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Vallecas: Madrid’s rebellious working-class neighbourhood

25 November 2017
The last survivor

Vallecas is a working-class neighbourhood with an unstoppable fire in its belly. It emerged out of a slum, only to be beaten back to the bones again by the most brutal pummelling the Spanish Civil War could give. Since then, this hard-left barrio has become a close-knit community and home to thousands of immigrants from all around the world, making it one of the most mesmerising corners of Madrid.

A 30-MINUTE WALK FROM ATOCHA

From Atocha, you can walk south-east to the frontier of Vallecas, at Puente de Vallecas, in around 30 minutes; alternatively, it’s 10 minutes by metro. You’ll know you’ve arrived when you emerge from beneath a roaring eight-lane overpass to see old houses, multicultural street life, and thriving no-frills bars everywhere you look.

Underneath your feet runs an old stream, the Arroyo Abroñigal, which flows into the Manzanares. The Puente de Vallecas (the bridge of Vallecas) used to take you out of the municipality of Madrid, over the river and into the old, independent town of Vallecas.

The old stream running under Puente de Ventas further north, 1930

A HEAVILY BOMBED BARRIO

During the Civil War of 1936-39, Vallecas’s south-western position made it Madrid’s gateway to Valencia, Spain’s second most-important Republican city after Madrid. Franco’s army strategically focussed its attacks on Vallecas, leaving it pocked with shrapnel scars, some of which can still be seen today.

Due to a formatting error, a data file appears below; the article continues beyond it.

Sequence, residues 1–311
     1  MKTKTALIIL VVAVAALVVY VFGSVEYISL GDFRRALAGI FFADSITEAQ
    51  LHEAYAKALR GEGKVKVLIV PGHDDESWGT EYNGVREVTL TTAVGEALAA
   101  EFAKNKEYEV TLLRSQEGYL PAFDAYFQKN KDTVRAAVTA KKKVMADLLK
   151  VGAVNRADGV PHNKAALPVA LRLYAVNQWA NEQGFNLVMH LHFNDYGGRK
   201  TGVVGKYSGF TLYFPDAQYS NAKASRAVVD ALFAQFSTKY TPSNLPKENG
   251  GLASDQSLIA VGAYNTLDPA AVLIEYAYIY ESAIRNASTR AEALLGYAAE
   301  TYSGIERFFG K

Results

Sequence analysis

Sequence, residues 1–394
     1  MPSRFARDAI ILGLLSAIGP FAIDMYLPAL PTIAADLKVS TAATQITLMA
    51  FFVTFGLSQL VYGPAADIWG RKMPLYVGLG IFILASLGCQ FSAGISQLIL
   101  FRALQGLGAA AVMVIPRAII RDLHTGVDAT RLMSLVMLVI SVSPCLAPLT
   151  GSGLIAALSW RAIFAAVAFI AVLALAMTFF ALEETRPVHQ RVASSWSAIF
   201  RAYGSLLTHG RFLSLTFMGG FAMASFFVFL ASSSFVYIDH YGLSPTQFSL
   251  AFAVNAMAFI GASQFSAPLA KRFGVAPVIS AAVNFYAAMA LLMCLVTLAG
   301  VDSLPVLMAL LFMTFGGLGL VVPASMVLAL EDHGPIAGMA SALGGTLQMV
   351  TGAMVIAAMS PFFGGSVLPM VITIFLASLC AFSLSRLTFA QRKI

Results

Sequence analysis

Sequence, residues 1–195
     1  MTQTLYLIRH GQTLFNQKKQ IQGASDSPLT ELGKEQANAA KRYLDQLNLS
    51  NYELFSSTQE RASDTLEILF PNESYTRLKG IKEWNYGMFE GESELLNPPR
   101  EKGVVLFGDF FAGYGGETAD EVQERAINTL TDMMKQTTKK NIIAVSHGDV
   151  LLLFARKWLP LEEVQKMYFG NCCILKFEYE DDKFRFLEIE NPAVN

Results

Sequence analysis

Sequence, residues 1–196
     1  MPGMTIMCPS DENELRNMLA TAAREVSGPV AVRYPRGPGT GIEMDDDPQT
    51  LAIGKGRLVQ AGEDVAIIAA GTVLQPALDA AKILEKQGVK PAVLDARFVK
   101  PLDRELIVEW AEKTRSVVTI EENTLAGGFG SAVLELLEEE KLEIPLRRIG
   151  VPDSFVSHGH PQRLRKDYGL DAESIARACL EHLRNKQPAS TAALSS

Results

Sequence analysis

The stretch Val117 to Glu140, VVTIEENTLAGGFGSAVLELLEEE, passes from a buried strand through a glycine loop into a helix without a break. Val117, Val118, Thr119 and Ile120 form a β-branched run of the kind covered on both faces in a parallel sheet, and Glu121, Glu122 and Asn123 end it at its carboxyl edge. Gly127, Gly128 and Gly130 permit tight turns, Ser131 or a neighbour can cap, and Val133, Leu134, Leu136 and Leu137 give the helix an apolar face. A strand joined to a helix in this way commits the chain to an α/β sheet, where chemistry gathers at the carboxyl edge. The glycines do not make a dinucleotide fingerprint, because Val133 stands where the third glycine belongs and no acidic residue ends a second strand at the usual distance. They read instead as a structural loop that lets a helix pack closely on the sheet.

Peironcely 10, as photographed by Robert Capa

Peironcely 10, the shrapnel-strewn bungalow fighting against demolition

Peironcely 10, the shrapnel-strewn bungalow fighting against demolition

When Franco won the war, the fiercely left-wing barrio of Vallecas resumed its life as a slum for migrant workers, gypsies and locals struggling with poverty, crime and drugs. It had been a slum for generations, and even until very recently, Vallecas looked like this:

Vallecas around 1950

Vallecas around 1950

A hairdressers in Vallecas, 1968

A hairdresser’s in Vallecas, 1968

Old Vallecas overlooking modern housing developments

Old Vallecas overlooking modern housing developments

And so, the neighbours fought. They fought for paving slabs, sewage systems and basic amenities, and for their voices to be heard.

"Our Vallecas" / "Our parents immigrated here. We didn't. [We want] housing here and now!"

“Our Vallecas” / “Our parents emigrated. We didn’t. Housing here and now!”

These reasonable demands may have been fulfilled, but modern-day requests to bring the neighbourhood up to the standards of surrounding areas are still being pushed around a desk.

STREETS OF GHOST BUILDINGS

Vallecas is still a relatively poor neighbourhood, one that’s undergoing change at a much slower pace than the centre of Madrid. Buildings are being demolished and nothing is being built in their place.

Someone has set up a table, chairs and a pot of flowers on the site of a ghost building